Eventually, White relocated to New Orleans, arguably one of the country’s richest musical environments — and unsurprisingly, he immersed himself in the city’s music scene, playing everything from gospel to jazz; in fact, as the story goes, White was immediately hired to play guitar at the Household of Faith Church, playing alongside some incredibly accomplished musicians, who took him under his wing, introduced him to other musicians, which lead to ton of gigs.  He found himself playing at clubs across the city playing and mastering gospel, blues, calypso, jazz and contemporary fare until the early morning. And naturally, while exhausting, White felt reinvigorated, returned to Los Angeles, where he began collaborating with producer Josh Legg, best known as Goldroom, and began writing fusing the skills and knowledge he gained while in the Crescent City and his influences — Prince, Michael Jackson, Jimi Hendrix and Tame Impala.

White’s self-titled, debut EP is slated for release in July, and the EP’s first single “You’ve Been My Girl” is a sleek and slickly produced track that owes a tremendous debt to 80s synth funk  (i.e., Oran “Juice” Jones‘ “The Rain,” Cherelle’s “Saturday Love” and others) and Prince, thanks to some impressive guitar pyrotechnics throughout; but interestingly the song finds the narrator calling out a love interest for being indecisive and playing with his emotions. Certainly, we’ve all been there before.

 

New Video: Swedish-born Multi-Instrumentalist and Electronic Music Artist Thornato Connects New York and Ghana In Visuals for Club-Banging New Single “Back It Up”

Thor Partridge is a Swedish-born Cypriot, whose mother encouraged his interest in music at a very young age; in fact, it was common to hear traditional Greek, African and Caribbean music in his home. As the story goes, Partridge’s family relocated to New York when he was a child, and he eventually studied classical piano, jazz guitar and bluegrass banjo. Partridge quickly showed a penchant and interest in production and remixing, when he found that he couldn’t help tinkering with classical piano arrangements.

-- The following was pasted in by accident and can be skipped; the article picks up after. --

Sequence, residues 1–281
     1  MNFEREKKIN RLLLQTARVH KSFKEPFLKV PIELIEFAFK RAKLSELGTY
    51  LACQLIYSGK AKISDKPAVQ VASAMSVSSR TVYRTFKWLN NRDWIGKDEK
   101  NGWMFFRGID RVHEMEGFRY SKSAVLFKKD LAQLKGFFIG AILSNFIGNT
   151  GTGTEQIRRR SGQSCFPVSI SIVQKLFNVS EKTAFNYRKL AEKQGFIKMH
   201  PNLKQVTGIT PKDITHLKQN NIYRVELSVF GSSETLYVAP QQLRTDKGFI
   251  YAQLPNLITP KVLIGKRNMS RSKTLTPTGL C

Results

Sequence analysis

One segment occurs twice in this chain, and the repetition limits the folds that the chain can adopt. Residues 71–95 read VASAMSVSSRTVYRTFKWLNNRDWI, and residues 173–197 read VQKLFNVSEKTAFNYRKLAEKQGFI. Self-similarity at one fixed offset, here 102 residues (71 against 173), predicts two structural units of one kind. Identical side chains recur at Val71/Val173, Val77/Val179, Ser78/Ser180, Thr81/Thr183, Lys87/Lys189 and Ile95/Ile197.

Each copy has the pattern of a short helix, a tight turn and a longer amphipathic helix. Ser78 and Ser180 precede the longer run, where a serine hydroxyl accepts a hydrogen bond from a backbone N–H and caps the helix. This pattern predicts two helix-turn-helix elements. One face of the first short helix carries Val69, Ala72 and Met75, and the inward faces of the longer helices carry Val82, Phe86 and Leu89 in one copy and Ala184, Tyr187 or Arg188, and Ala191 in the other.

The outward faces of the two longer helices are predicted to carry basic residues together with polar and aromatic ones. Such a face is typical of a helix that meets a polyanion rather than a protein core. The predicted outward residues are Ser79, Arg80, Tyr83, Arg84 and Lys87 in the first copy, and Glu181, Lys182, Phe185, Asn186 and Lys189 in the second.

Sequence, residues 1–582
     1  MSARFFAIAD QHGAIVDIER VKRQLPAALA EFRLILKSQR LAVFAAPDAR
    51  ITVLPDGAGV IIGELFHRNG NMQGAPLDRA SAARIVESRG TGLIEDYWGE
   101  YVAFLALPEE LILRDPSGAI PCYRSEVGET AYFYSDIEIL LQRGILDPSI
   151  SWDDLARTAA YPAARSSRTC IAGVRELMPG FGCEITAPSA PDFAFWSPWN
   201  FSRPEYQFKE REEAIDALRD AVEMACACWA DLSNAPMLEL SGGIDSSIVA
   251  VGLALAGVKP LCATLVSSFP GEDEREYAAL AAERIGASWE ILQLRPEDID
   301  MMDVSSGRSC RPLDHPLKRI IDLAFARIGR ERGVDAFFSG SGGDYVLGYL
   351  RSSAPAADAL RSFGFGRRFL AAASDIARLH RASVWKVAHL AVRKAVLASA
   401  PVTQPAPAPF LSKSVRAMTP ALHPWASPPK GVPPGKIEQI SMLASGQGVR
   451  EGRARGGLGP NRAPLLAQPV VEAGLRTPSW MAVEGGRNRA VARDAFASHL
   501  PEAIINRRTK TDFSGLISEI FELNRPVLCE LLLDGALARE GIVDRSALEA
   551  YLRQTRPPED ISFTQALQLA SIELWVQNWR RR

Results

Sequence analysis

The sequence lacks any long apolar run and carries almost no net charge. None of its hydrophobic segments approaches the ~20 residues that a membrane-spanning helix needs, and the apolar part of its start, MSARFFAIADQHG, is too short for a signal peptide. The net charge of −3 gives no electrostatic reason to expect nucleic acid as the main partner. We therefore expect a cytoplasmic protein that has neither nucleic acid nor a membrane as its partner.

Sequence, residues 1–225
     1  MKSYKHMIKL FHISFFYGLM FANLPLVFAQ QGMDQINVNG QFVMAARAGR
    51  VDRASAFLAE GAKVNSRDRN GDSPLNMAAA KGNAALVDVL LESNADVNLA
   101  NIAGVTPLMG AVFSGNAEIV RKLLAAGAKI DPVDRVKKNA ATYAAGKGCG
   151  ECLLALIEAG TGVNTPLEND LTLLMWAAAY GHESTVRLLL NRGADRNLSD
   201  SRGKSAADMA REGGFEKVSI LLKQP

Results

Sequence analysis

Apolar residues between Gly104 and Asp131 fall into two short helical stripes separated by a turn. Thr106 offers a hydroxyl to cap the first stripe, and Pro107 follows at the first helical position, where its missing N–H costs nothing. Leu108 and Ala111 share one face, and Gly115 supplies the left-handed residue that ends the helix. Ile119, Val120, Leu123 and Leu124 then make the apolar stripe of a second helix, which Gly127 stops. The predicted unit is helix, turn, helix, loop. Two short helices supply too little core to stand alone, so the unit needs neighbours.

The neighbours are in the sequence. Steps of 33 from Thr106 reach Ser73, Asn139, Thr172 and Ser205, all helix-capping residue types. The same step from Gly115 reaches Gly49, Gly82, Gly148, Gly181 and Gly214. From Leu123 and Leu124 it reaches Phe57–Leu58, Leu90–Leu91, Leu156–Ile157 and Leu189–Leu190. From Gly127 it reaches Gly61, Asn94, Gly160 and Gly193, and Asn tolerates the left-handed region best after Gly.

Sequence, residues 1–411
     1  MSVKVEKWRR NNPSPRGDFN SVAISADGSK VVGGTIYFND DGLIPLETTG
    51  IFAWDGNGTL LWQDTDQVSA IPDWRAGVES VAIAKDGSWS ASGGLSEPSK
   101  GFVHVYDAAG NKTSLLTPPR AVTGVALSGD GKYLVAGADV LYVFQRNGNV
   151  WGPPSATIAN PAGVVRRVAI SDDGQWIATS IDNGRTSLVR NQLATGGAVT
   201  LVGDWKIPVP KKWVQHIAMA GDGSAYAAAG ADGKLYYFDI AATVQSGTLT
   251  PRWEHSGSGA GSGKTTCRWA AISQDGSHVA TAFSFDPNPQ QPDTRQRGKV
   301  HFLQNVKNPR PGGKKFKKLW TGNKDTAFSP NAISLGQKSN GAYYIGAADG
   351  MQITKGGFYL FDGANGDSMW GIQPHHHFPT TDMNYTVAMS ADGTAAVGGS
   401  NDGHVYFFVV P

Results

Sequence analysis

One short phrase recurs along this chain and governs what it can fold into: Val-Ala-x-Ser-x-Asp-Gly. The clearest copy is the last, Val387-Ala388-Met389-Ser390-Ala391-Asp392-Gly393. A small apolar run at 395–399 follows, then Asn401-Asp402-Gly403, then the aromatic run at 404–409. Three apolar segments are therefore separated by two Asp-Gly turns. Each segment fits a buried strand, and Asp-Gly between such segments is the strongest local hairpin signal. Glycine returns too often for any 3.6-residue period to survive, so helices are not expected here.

As an electronic music artist, multi-instrumentalist, and producer, who writes, records and performs as Thornato, Partridge quickly received international attention with the release of 2016’s groundbreaking, electronic music/drum ‘n’ bass EP Things Will Change. Building upon a rapidly growing profile, Partidge’s full-length album Bennu found the up-and-coming multi-instrumentalist becoming a go-to collaborator and producer, contributing to Bollywood scores, as well as playing clubs across the globe. 

Friday will mark the release of the Swedish Cypriot’s latest EP Back It Up and the EP’s latest single, title track “Back It Up,” finds the up-and-coming producer, collaborating with Ghanian vocalist  Zongo Abongo in a song that lovingly draws from the sounds of the African Diaspora as the song draws from several distinct genres and styles, including 90s Jamaican dancehall, Afro-pop, Champeta, and Dembow in a way that’s simultaneously seamless yet nostalgic, anachronistic yet incredibly post-modern — and perhaps most important of all, the song manages to be a breezy and infectious club banger with quite a bit of thump. 

Directed by Justin Conte, the video features Ghanian vocalist Zongo Abongo and dancer Soraya Lundy connecting across the Atlantic Ocean with a bright orange landline phone, essentially sharing a sensual dance between New York and Accra.